Bounceback powers a profits bonanza from mines to main street


The global economic bounceback from Covid-19 fuelled a bumper crop of corporate earnings on Thursday as commodity prices surged and consumers returned to spending money outside their homes.

UK-listed companies alone announced more than $10bn of dividends and share buybacks, with groups from Royal Dutch Shell to distiller Diageo reporting resurgent sales and profits.

The commodity price surge, fuelled by stronger demand after the economic shock of coronavirus, enabled Shell to raise its dividend by 40 per cent after a cut last year, while Anglo American said it would return $4.1bn to shareholders following the strongest profits in the miner’s 104-year history.

Anglo chief executive Mark Cutifani said: “The first six months of 2021 have seen strong demand and prices for many of our products as economies begin to recoup lost ground, spurred by stimulus measures . . . The share buyback should tell you that we don’t think this is as good as it gets.”

France’s TotalEnergies reported its highest half-year profit in five years and announced share buybacks, while steelmaker ArcelorMittal posted its highest profits since 2008.

Miner Rio Tinto announced a record $9.1bn dividend payout on Wednesday as its half-year profits topped those for the whole of 2020 thanks to surging iron ore demand from a rebounding Chinese economy.

As the recovery aided demand for raw materials, consumers acted on new freedoms in countries including the US, UK and several European nations by returning to bars, restaurants and offices.

The easing of Covid-19 restrictions helped to fuel profit jumps at Diageo and the world’s largest brewer, Anheuser-Busch InBev, as well as the world’s largest exhibitions group Informa and pest control company Rentokil, whose hygiene business benefited from commercial premises reopening.

Lord Stephen Carter, chief executive of Informa, described “a progressive return of physical event activity” across the company’s main markets, with China “effectively back to what you would have recognised in 2019” and the US “picking up at pace”.

While earnings figures were flattered by the comparison with grim numbers as the pandemic set in a year ago, the gains went beyond that. Nestlé, the world’s largest foodmaker, reported its strongest first-half growth in a decade, propelled by a steep rise in sales of its food, drinks and confectionery outside the home.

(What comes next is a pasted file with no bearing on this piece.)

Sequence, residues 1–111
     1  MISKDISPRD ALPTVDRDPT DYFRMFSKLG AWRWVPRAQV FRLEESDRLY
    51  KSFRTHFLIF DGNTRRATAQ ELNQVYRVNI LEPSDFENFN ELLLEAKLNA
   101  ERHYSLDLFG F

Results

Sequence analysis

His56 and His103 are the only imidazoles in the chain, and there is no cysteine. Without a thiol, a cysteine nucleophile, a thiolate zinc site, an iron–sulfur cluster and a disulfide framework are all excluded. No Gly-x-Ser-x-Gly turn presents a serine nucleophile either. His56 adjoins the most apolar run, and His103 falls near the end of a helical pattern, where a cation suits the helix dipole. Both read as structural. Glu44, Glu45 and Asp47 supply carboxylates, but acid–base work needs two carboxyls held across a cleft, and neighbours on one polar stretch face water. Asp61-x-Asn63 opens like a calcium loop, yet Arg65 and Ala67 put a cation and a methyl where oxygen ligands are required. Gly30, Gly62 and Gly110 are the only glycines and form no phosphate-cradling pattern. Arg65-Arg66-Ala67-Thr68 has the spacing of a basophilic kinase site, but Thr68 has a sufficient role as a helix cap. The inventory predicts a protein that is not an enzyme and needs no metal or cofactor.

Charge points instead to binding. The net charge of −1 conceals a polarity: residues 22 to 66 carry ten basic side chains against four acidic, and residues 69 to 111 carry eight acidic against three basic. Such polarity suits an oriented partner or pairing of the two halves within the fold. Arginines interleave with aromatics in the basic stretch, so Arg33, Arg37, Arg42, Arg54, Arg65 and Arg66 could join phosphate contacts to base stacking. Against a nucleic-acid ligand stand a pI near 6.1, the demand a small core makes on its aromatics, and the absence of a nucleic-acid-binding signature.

A resurgence in air travel boosted the aerospace and defence group Airbus, which doubled its forecast for the year to €4bn on returning demand for aircraft.

The spread of the Delta variant of coronavirus, however, cast a shadow over corporate outlooks, with countries such as Brazil and India still grappling with the impact of their latest waves of the virus.

“Covid-19 is not over,” Airbus chief executive Guillaume Faury warned. “Levels of vaccinations are very diverse around the world and we cannot exclude that after the Delta variant there will be another one, so we believe we have to remain very prudent . . . It is going to be a bumpy road in terms of recovery.”

Even as it reported a jump in second-quarter net profit, South Korean electronics group Samsung warned of growing risks to its supply chain from fresh waves of Covid-19, particularly in Vietnam.

And for consumer-driven businesses, the commodity price surge threatened margins even as demand recovered. 

Nestlé chief executive Mark Schneider said: “What we’ve seen this year is some kind of a turning point where, after several years of low inflation, all of a sudden it accelerated very strongly.”

Reporting by Neil Hume, Sylvia Pfeifer, Sam Jones, Alistair Gray and Alex Barker

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